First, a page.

Embracing Doubt & Finding God

embracing-doubt-finding-god-graphic-croppedEmbracing Doubt & Finding God


Growing up in an evangelical church the concept of doubting God was painted, at least in my mind, as a sinful departure from the Christian faith.  In other words, to possess doubt was to lack faith, which meant that doubt must be sinful because the absence of faith in our lives would ultimately separate us from God.  In many circles, sin itself is defined as anything that separates us from God.  Therefore, doubt was sinful.


In a sense there is a truth to this way of thinking, but not if doubt is to be merely defined as an Americanized doubt, which is simply uncertainty.  Biblical doubt is most often defined, in its etymology, as a separating oneself from trust in God, or as putting oneself at odds with God [See James 1].  However, our culture here in the western world typically views doubt as a lack of belief or a level of uncertainty in a certain set of beliefs.  While our uncertainty could, I suppose, ultimately end in ourselves being at odds with God, it is more likely that our own uncertainty would drive us toward seeking out the answers we’re looking for.  If one is searching for the truth, then it is likely that they will find the truth, at least in part if not in whole.


Our recent conversation with Mike McHargue [listen here], who is widely known for his podcasts Ask Science Mike and The Liturgists, has also released a book entitled Finding God in the Waves, which addresses in many degrees this very topic of doubt, or moreover uncertainty.  Like myself, Mike was raised in an evangelical culture that tended to value certitude as a faith producing tool to be worn in our “belt of truth.”  The problem with this type of view of faith and doubt is that it left no room for the doubters like Thomas whom we read about in John 20:24-29.  Thomas was one of the 12 disciples of Jesus, but we read in this text that Thomas had his reservations about Jesus’ resurrection, and who could blame him?  After all, it’s not as if this were a normal occurrence, and Thomas had seen Jesus crucified, dead, and buried in a tomb just days before.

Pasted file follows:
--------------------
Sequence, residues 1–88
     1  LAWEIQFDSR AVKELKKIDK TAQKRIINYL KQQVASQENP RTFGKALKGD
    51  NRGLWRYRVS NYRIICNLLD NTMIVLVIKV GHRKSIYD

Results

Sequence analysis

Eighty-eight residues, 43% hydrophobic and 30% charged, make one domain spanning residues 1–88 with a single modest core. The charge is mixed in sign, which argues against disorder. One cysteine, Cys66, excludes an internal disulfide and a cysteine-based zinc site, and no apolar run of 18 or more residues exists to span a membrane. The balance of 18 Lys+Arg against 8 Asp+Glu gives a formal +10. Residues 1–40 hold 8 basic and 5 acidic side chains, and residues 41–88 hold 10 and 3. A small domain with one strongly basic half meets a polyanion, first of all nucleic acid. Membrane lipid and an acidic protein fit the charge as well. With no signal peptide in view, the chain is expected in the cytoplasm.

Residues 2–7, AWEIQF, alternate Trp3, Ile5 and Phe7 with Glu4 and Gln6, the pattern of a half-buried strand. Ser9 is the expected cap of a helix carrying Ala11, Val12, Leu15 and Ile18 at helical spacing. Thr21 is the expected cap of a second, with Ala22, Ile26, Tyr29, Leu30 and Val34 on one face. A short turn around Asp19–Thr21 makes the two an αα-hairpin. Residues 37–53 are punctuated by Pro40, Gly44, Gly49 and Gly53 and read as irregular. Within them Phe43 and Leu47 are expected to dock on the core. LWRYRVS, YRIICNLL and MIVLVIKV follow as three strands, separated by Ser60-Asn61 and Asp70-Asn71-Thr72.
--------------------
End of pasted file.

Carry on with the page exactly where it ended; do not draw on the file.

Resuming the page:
This story paints the perfect picture of the point I’m trying to make about doubt as it’s defined in today’s culture, and how God views our uncertainty.  Thomas needed proof, and in Finding God in the Waves, Mike paints us a beautiful picture of his own journey through uncertainty and his need for proof.


Often, and unfortunately, the church in the west has rejected the doubters and turned away the skeptics while embracing those who seemed so certain of their faith and their ability to simply “know.”  I applaud those who live in complete certitude, if it’s even possible, as I even have my doubts about that.  However, if it is the case then bravo to those who can abide in that place.  It’s not one familiar to me, nor is it familiar to those closest to me.  We all live through moments, seasons and even years of uncertainty or doubt.


However, it is in those moments where we truly embrace the words of Jesus when he said, “Ask and it will be given to you; seek and you will find; knock and the door will be opened to you. – Matthew 7:7

When we embrace our uncertainty there are moments of finding God that take place in the asking, the seeking, and the knocking.  Sometimes, like Thomas, we are unsure of the realities of Jesus.  Jesus is not scared by our lack of certitude, but like he did with Thomas, he pulls us closer and opens his hands to us to show us the holes, he draws us in to see the piercing in his side.  Jesus and the God revealed in him, will not reject our uncertainty, but rather embrace it as a secure father.


Embrace your doubts, questions the things you’re uncertain of because your journey might just be one of finding God right where you’re at.


Be Uncommon,


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